dr philA pyrrhic victory is one which is too costly to be considered a legitimate win.  Bell’s trajectory shows clearly that the cost of cultural acceptance – the cost of relevance – is too high to pay.  The relevant pastor and the relevant congregation will find much success, as the world defines it.  But in earning that victory, it appears that one becomes so co-opted that the costs outweigh the benefits.  Looking back to the Civil War, we might consider the example of Confederate General Robert E. Lee constantly defeating Ulysses Grant’s attacks with superior tactics, but unable to sustain the campaign in the face of the superior resources of the North, who could afford the losses.  Likewise, pastors and churches who win the battle for relevance soon realize the long-term costs are far higher than first anticipated, and will then often find themselves co-opted beyond all restoration by the world they were trying to reach.  Playing to consumerism ends up consuming you.

Rob Bell is our next Dr. Phil, an expert whose expertise has been twisted to relevant, market-driven agenda.  He has gone from a pastor, a guide of souls, a preacher of the gospel, to just another space filler in Oprah’s cubby of spiritual shills.

A pyrrhic victory, if ever there was one.

When a Controversy is Not a Controversy

An oil platform under construction.
An oil platform under construction.

Home is where the heart is.  My wife regularly makes fun of me for being such a vocal advocate for my seminary, Duke Divinity School.  My friends that went to other seminaries give me grief, and I give it in return. This is all in good fun.  I appreciate my alma mater, warts and all, just as others do.  That’s why I have been disturbed at some of the hubbub surrounding recent events at the Divinity School, which occurred – strangely enough – before classes even began this year.

The basics: at a panel on diversity that was part of new student orientation, Dean Richard Hays – the guy who basically invented the faith of/faith in debate in New Testament studies – mentioned Duke’s identity as a United Methodist seminary and the UMC’s stance on homosexuality (i.e. that all are of “sacred worth” but that infamously ill-defined “homosexual practice” is not condoned in Christian teaching).  Depending on who you listen to, Dean Hays was either abusing his power as a straight white man or sharing the denominational position as one of many positions welcome at the seminary.  Opinions vary as to whether or not Hays’ timing was poor, whether or not he had a right to speak (when does the Dean not have a right to speak??), and whether or not the student who asked the presenting question was wronged by his answer.

To be fair, I was not present at the event in question. I have tried to read as much as possible (which is limited), and also talk to current Duke students and staff about what went on.  So while my take is not perfect, I have attempted due diligence.  I linked to a progressive perspective, shared by Reconciling Ministries Network and others sympathetic to the student, above.  Dean Hays’ open letter can be read here.  Part of the outrage seems to be that Hays did not offer an apology.  But Hays never claimed he was attempting to apologize.  The open letter  was written to clarify some misunderstandings, not apologize.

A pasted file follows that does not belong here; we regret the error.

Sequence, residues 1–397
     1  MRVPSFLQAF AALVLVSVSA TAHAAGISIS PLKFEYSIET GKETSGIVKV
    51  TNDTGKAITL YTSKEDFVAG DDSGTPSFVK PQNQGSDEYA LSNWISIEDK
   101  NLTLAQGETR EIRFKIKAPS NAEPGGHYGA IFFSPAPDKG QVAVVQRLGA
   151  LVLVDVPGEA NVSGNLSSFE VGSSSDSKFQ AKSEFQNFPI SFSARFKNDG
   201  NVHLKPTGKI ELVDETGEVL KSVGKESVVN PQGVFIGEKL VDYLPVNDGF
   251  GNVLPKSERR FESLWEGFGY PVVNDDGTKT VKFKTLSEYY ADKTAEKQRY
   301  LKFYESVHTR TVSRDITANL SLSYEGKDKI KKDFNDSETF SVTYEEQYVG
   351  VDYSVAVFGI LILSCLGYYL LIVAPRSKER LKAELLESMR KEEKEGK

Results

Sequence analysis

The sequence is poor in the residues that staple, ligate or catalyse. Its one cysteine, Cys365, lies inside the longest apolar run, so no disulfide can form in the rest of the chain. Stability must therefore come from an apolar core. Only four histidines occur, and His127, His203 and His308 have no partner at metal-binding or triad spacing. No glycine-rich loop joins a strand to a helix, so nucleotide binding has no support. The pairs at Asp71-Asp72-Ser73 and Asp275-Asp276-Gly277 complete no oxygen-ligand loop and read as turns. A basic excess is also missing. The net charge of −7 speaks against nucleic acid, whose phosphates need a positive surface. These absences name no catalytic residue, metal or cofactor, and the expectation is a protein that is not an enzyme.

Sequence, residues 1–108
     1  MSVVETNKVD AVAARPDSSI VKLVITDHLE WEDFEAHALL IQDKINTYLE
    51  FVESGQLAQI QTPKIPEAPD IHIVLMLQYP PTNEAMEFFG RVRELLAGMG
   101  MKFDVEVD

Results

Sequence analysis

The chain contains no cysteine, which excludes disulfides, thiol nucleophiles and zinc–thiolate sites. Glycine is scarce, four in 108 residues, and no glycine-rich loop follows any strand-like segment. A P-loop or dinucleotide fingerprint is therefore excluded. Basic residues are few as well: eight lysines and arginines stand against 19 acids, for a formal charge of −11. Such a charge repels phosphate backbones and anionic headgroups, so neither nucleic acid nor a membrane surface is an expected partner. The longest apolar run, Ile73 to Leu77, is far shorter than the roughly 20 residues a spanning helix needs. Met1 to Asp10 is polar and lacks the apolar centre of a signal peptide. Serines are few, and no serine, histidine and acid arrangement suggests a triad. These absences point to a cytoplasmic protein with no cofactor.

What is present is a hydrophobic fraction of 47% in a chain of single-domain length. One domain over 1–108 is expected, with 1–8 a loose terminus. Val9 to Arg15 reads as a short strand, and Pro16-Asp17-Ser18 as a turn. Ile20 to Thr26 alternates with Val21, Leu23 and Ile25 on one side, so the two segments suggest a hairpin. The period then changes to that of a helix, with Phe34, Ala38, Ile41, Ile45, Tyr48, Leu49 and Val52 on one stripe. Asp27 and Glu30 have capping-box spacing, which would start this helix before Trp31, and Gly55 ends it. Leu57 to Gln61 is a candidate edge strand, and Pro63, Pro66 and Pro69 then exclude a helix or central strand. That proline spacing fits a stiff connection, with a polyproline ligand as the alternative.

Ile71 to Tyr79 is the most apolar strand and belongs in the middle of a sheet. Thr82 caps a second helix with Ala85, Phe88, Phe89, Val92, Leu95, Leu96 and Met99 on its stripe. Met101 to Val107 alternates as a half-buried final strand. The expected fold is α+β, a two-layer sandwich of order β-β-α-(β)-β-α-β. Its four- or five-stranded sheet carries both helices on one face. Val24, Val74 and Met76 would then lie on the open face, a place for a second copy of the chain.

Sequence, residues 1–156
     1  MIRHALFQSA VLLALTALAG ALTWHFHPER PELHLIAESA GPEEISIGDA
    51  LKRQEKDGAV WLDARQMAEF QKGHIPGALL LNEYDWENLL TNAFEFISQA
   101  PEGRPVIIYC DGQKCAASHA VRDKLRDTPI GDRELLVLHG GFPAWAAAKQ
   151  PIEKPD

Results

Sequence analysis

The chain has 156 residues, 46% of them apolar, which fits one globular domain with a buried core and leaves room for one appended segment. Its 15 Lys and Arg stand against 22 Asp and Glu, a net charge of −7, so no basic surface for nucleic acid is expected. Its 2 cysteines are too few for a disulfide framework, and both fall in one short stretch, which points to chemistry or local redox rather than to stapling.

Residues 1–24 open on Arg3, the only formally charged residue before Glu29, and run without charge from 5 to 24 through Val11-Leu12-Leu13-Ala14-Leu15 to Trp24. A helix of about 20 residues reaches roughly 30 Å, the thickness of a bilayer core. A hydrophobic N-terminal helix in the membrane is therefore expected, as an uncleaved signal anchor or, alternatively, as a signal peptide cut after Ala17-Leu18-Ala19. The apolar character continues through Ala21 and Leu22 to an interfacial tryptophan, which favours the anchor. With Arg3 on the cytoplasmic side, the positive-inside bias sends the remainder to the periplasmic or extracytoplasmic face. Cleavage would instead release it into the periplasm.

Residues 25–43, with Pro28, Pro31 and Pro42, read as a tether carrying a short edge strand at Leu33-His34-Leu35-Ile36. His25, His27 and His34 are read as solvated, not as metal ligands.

Moreover, this so-called controversy was a non-starter from the outset.  What does it say that Hays’ view (which, right or wrong, is also the view of the seminary’s denomination) was not welcome by some students at a panel on diversity and inclusion?  Perhaps the most significant factor in this matter is what it says about our larger relationship within the church.

We have come to a point in the sexuality debate where merely hearing a contrary opinion is seen as bullying.  For instance, the Tea Party of the UMC left, Love Prevails, claimed that “harm” was done at a Connectional Table discussion where one very, very tepid quasi-conservative spoke, simply because he had the temerity to half-heartedly defend the UMC stance.  I believe something quite similar happened here.  Much like Love Prevails’ prevailing strategy, a student was seeking to raise their own profile and influence through a manufactured controversy before the first lecture even occurred.

Why is it that all too often the people most ostensibly committed to tolerance are the least tolerant of anyone who dissents, and the first to demand punishment of said offenders?  Some of the resulting commentary from this incident has insinuated that Duke is not a friendly place for LGBT persons.  I fully agree that LGBT students, UMC or not, should be welcomed as any other students.  But that hospitality should also extend to conservative students and students from other traditions.  It seems that many of the critics would prefer to see Duke go the direction of many of our UM seminaries, which are not especially welcoming to traditionalist students.